Presentation and execution are crucial for a well-made film. In Vikram Vedha, the devil is in the details. Every character plays into the story and the film keeps the audience engaged up until the last cliffhanger. Pushkar and Gayathri skilfully plant clues needed to uncover the mystery right from the start of the film and anyone intently watching the film would’ve been able to fit the pieces together. However, being a commercial film, they take the general audience into account and neatly reveal the story in a visually appealing manner.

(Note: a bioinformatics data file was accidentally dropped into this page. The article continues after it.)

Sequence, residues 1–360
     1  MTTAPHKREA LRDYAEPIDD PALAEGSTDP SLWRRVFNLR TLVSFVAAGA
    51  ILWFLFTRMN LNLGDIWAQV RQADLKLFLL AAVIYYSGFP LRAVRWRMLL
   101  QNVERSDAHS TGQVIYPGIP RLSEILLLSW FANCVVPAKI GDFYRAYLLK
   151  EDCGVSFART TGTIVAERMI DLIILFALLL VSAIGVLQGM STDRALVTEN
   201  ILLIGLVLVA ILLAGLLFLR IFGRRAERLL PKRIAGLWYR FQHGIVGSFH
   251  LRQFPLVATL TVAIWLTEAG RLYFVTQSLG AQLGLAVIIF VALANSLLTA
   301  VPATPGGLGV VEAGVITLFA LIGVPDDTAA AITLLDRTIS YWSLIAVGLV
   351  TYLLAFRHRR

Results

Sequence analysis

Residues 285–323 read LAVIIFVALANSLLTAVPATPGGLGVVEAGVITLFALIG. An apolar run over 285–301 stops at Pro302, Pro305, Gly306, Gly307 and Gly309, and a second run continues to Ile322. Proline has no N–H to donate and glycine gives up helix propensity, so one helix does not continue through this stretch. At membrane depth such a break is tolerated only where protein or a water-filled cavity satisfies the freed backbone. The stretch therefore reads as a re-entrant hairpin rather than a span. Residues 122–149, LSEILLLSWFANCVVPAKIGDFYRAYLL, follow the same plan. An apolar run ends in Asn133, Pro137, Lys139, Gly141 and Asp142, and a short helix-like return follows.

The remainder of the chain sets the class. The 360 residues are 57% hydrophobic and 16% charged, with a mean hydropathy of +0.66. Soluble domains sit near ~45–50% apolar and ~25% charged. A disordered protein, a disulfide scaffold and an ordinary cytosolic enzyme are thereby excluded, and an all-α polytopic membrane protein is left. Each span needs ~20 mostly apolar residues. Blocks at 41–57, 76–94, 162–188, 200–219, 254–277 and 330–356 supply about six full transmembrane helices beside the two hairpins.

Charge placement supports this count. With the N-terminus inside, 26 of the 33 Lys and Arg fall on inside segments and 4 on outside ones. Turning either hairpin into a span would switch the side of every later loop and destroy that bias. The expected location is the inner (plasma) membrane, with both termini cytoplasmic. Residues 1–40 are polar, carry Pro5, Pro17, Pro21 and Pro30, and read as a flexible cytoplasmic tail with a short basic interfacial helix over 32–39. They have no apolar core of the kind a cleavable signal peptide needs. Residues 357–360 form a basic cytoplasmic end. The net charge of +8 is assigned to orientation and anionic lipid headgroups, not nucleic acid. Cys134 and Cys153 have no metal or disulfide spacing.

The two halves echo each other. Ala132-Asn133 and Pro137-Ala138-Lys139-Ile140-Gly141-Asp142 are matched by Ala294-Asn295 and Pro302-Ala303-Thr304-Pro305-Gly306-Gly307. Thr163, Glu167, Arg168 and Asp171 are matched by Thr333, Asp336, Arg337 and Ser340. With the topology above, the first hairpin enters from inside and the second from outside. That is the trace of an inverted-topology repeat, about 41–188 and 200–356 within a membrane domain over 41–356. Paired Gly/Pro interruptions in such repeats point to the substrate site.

The entire story revolves around morality and perspective, prompting the question: do villains truly exist? If so, what separates good and evil? For instance, is murder under the pretence of work categorised as good or evil? It all comes down to perspective. Everyone is the main character and presumably the hero of their own story. So by this logic, if someone is the villain of your story, then aren’t you the villain of theirs?
Disclaimer: This article has not been written by Film Companion’s editorial team.